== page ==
Self-employment, a livable house, a place that I can call home, these are all important goals, but I think the biggest goal I have is to be finally able to heal. I have Complex-PTSD and I am in autistic burnout.  I keep pushing and pushing myself each day just to get through.  I am tired of trying to survive. 

I WANT TO LIVE!!

It is going to be a rough ride, though, to actually reach that point of stability where I can actually reach my goals. My support team is going to be such a pivotal importance in the coming years.  

Who are these people who will be that much needed support?

I am so used to struggling on my own. It was how I was raised.  I grew up with very little to no support, particularly in the emotional support department. My emotional needs were essentially ignored. This was very difficult for an undiagnosed autistic child who struggled with debilitating anxiety mixed with depressed states who didn’t have the words to express how she felt nor did she understand those feelings.   I was often told by my parents that their job was to provide clothing, food, and shelter. That was basically it.  I had to learn to make it on my own.  My marriage was like that as well, very little to no support, even during my darkest times in my life.  That situation is improving, however, but very slowly.  

It took me a long time to get myself to a place where I would actually ask for help. I was just so used to being told “no”, that my “voice” didn’t matter, that my needs didn’t matter.  I am more disabled that I even am able to acknowledge to myself, and it is disheartening, but I know I have worth and that I matter. It has been quite a journey getting to the point where I can say that.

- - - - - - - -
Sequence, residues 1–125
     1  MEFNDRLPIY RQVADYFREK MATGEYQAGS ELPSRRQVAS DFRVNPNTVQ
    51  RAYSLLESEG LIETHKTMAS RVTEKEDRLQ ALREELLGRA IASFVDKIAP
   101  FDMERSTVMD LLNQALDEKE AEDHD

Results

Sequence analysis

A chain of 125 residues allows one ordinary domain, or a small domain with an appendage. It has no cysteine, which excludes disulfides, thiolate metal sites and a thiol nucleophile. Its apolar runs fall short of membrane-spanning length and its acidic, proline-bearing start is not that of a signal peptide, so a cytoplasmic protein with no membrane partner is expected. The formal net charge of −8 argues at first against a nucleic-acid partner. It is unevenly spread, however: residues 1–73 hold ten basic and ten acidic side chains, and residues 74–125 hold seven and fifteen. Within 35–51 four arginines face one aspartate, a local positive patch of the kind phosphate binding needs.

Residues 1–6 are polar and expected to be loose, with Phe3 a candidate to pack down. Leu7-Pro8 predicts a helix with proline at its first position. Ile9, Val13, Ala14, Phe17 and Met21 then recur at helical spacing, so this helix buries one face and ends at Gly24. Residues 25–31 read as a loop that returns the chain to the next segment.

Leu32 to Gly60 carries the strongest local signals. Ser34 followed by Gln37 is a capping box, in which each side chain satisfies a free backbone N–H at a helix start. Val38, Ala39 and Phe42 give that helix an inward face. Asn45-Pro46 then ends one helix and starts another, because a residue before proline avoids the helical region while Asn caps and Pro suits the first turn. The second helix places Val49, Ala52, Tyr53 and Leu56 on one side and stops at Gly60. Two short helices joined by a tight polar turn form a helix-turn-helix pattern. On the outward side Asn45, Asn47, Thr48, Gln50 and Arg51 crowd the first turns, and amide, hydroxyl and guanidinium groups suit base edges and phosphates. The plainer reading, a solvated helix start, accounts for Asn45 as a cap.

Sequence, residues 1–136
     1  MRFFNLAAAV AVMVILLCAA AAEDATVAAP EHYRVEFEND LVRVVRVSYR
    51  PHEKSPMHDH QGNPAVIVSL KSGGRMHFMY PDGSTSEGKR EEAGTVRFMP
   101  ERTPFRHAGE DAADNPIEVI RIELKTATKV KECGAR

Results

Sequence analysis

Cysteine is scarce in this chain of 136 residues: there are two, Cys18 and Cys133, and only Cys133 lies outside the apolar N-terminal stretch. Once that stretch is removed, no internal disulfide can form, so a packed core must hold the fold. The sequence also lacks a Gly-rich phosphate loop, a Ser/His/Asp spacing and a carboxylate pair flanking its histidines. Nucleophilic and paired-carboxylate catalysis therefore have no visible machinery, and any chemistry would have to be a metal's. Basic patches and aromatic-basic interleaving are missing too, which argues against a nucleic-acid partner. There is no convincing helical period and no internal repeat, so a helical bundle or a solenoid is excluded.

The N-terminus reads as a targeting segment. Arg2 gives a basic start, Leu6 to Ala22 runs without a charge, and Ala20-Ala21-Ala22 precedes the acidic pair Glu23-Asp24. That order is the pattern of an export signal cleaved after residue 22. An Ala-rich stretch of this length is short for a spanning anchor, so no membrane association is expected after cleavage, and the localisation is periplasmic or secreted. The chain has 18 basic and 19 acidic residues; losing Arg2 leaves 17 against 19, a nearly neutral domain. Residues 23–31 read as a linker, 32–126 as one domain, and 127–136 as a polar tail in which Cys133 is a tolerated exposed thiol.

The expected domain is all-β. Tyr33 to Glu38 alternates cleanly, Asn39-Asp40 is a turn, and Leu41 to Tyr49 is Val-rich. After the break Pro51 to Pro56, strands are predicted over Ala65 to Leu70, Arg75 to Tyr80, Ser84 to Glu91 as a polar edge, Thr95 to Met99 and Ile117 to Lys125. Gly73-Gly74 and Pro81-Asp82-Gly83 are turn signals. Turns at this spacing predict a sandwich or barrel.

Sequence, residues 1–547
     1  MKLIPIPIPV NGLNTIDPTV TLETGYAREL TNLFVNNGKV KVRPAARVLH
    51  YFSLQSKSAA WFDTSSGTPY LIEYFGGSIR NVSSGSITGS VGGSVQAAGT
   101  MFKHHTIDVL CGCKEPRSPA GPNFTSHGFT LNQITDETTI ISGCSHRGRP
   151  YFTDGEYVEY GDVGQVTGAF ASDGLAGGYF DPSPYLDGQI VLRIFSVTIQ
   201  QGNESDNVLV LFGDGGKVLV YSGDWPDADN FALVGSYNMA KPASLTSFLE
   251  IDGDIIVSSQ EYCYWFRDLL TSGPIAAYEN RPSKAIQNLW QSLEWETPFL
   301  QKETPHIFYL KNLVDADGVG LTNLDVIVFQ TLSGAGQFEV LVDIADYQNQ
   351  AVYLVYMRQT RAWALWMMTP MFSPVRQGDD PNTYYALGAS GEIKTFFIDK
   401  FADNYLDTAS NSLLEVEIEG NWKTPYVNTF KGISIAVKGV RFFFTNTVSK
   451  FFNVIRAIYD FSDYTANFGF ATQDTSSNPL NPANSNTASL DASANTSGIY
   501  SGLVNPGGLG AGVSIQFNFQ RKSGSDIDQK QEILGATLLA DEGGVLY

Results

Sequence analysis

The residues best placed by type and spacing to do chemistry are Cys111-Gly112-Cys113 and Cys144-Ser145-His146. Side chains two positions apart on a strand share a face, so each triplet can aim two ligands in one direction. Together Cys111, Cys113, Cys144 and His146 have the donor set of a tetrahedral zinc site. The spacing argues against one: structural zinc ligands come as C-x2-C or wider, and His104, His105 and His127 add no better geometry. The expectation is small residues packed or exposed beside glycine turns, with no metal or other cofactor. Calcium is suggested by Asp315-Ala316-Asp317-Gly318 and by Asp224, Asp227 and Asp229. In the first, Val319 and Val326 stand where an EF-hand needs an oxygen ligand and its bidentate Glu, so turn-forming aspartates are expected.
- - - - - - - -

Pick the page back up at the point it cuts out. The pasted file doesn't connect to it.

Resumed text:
I HAVE WORTH!!

I MATTER!!

So, who are these wonderful people who I could turn to for help?

I created a Mind Map to sort that all out. Doctors and counselors (for both my children and I), local friends, online friends, ANUE, immediate family members, fellow teachers and advocates, my pets, there are actually a lot of people and critters listed, expect for my extended family members. My hope is with time the bubble for Other Family Members will grow, but at this time it is not possible.  My parents basically disowned me for reasons I won’t go into here and I am unable to really speak to my sister for reasons that are too painful to discuss right now.  When it comes to learning about the effects of trauma and learning how to adjust my life due to my physical and neurological disabilities, I am a knowledge junkie.  I devour knowledge.  I am forever learning and I have a skill when it comes to researching.  I can find information relatively quickly and present that information in a manner that is easy for others to understand.  I am always looking for answers and new pathways to follow whenever I hit a roadblock in my journey through life.

I am still looking for the pathway that will allow me to get to a point where I can actually live and not just survive. I hope that day will come sooner rather than later.  I am tired, so very tired.

Hear My Battle Cry

Here I am sitting at my lap top again trying to find words and at the same time I am listening to “Battle Cry” by Imagine Dragons.  I am in a battle now, a battle to just hold on, to make it through, and to survive.  Life shouldn’t be this hard.  How did my life get so hard? I will not give up, though.  I will keep fighting. This is my battle cry!

Hear My Battle Cry

I will make it through!

I will survive!

Hear my battle cry!

 

I may be hungry.

I may be cold.

I may be in pain.

 

But, I will make it through!

I will survive!

Hear my battle cry!

 

I may feel hopeless.

I may feel lost.

I may feel alone and isolated.

 

But, I will make it through!